INTERNATIONAL: Google Innovates to Compete on the Social Web
by Sara Borghi, July 20, 2012
The social media landscape is not only more complex than ever before, but now it has also reached a very high level of competitiveness and is also constantly expanding.
The different social media platforms are striving for consumer attention and the nimble brands are incorporating new platforms into their strategies when the fit is good.
Recent stats have shown that Pinterest traffic is now beating out Twitter, StumbleUpon, Bing and Google (non-organic traffic) and is also exceeding Google+, Linkedin and YouTube combined. Even the social platforms that used to have few users are not so small anymore. Instagram now counts 50 million users, Pinterest counts 12 million and Tumblr has 55 million.
Facebook has recently reached over 900 million active users per month (50% of them are active daily) while it becomes the top ad-selling company. The percentage of adults who go online or check emails from their phones has gone from 31% in 2009 to 55% in 2012, while more users are currently accessing Google+ on mobile than desktop.
All this is illustrated nicely within a presentation created by SocialNerdia that offers a great overview of the latest trends in the worldwide social media landscape.
In this complex scenario, Google doesn’t want to be left behind, especially now that large brands are actively engaged on Google+ and almost 200 million users have signed up to the platform. In order to get momentum and have users — and therefore brands — invest in Google+, Google needs to further improve their product and provide functionalities and solutions that the competitors cannot meet.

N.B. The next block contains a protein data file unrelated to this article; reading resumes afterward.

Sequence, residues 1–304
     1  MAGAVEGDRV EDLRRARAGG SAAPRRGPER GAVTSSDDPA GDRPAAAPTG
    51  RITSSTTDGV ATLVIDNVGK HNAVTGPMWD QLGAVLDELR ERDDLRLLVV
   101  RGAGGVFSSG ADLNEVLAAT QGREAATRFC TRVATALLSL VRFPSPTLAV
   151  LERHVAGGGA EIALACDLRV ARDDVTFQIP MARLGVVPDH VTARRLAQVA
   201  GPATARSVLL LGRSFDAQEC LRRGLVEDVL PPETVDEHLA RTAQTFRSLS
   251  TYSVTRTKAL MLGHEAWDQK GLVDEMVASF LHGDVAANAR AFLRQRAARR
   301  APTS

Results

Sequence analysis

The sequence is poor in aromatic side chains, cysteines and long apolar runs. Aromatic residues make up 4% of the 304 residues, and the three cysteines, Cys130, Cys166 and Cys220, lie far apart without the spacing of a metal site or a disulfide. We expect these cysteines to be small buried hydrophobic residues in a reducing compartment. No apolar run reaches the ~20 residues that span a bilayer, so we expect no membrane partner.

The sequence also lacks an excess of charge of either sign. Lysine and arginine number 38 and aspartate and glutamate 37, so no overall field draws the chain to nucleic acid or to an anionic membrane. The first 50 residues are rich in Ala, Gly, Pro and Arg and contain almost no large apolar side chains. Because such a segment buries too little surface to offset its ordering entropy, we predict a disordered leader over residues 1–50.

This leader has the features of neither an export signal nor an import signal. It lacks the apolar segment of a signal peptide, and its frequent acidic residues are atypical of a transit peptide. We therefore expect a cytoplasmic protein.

A PageLever study shows that three days before Google started emphasizing “Plus” in search results, search engine traffic to Facebook Fan Pages dropped by 51%.
Before Google released Plus, Facebook received an average of 9.25 external referrals per day. On January 7, this decreased to an average of 4.52 external referrals per day, which equals a drop of 51%. In addition, Google released Search Plus Your World on January 10, accompanied by complaints about Google promoting Plus pages higher than Facebook and Twitter. There are doubts on whether Facebook modified something in the structure of their Fan pages that made them rank lower, or if Google pushed them down.
And it doesn't seem to be stopping there. During the past few days we have seen some very interesting updates coming from the Mountain View Giant regarding Google+.
1. Content Recommendations
Google recently introduced new functionality for the +1 button which provides users with other recommended pages on a site or subdomain. This is how it appears on the Bruce Clay, Inc. website:
In its blog post, Google said the feature had been requested by users for a long time and by brands and content creators who wanted a way to show the most relevant (and potentially most interesting) content to visitors.
To take advantage of this feature, users simply need to hover their mouse over the Google+ icon located on the article and a special window will open up to give them access to additional content on the domain or subdomain recommended by Google+ users. The update is supposed to happen automatically, but maybe there are different kinds of buttons, or perhaps the roll out is still happening because It seems that not every site with a Google+ button has the option.